This happens when the jelly-like cushion between vertebrae slips, resulting in the disc pressing on the spinal cord. If your dog suddenly has difficulty jumping or moving around, it could be because of IVDD. Sometimes your dog will develop an arched back, cry or refuse to eat due to pain. If that’s the case, you should call your vet. 

Feeding them a moderate amount of food and keeping their weight controlled can help lower the chances that your dog will have this problem.

Von Willebrand’s Disease

Von Willebrand’s Disease (vWD) is a hereditary disorder that affects a dogs’ blood clotting process. It’s caused by an inherited deficiency in the von Willebrand factor, which is a protein that helps platelets stick together to form clots and stop bleeding. vWD can cause excessive bleeding during surgery as well as spontaneous bleeding from their nose, gums, and other parts of their body.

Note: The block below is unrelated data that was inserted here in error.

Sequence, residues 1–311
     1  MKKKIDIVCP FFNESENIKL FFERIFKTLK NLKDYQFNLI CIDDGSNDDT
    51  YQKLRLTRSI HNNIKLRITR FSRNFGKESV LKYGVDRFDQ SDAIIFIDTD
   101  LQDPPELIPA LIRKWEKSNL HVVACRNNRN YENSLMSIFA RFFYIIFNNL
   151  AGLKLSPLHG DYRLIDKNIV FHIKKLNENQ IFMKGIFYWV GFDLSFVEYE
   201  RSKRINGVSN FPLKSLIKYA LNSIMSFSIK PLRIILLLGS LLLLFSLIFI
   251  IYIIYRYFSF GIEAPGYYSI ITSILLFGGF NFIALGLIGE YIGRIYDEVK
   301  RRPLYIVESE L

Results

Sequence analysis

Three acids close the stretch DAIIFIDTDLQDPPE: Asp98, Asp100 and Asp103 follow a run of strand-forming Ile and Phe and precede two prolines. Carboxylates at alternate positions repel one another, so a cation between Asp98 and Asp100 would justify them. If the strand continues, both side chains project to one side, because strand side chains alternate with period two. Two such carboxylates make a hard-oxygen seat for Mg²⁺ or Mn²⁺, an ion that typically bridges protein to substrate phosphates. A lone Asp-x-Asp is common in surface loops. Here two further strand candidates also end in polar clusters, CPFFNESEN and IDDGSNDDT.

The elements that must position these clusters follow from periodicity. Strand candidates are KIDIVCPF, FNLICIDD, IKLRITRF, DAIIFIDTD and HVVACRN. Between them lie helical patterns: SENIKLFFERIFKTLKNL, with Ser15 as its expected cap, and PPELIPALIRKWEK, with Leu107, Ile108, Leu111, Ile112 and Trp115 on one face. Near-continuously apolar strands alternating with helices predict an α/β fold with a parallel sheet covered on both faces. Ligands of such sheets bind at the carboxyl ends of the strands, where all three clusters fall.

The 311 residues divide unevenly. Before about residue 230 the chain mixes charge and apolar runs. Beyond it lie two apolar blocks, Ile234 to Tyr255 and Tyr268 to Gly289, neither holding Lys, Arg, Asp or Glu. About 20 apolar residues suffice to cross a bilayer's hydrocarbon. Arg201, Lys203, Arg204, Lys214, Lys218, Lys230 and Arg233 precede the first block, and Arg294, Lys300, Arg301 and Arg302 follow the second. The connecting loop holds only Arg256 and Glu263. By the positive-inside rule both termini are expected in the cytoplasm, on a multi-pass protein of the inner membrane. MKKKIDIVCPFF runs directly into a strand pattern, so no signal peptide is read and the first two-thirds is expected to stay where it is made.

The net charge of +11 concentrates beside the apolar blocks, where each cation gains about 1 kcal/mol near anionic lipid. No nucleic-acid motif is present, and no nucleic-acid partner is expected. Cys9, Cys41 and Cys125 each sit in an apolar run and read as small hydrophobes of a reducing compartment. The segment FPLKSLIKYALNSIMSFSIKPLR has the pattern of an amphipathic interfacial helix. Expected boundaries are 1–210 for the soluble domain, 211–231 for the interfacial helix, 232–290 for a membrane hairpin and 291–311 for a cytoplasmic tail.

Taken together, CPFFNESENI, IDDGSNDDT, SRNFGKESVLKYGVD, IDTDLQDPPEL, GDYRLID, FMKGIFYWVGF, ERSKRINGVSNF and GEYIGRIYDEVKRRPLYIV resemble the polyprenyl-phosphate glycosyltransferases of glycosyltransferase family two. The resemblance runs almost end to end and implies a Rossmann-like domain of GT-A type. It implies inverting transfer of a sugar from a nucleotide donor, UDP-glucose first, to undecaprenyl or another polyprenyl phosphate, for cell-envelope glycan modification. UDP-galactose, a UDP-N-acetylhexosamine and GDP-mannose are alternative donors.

Symptoms of Von Willebrand’s Disease

The most common symptom of Von Willebrand’s Disease is excessive bleeding. The excessive bleeding can be seen in the form of nosebleeds, gum bleeds, and other types of spontaneous bleeding from their body. In some cases, dogs might also have blood in their urine, vomit blood, and cough up blood.

Dogs with vWD could have prolonged bleeding during surgery or after injury.

Hip Dysplasia

Hip dysplasia is a hereditary problem that can make walking, getting up or laying down difficult and painful. When a dog has hip dysplasia, their hip socket fails to fully cover the ball portion of their thigh bone. The looseness between the hip and leg bone leads to partial or complete dislocation of their hip joint and can cause pain and stiffness. In most cases, medication and exercise restrictions are advised by the vet. Over time the condition could become severe enough that your vet might recommend surgery to correct it.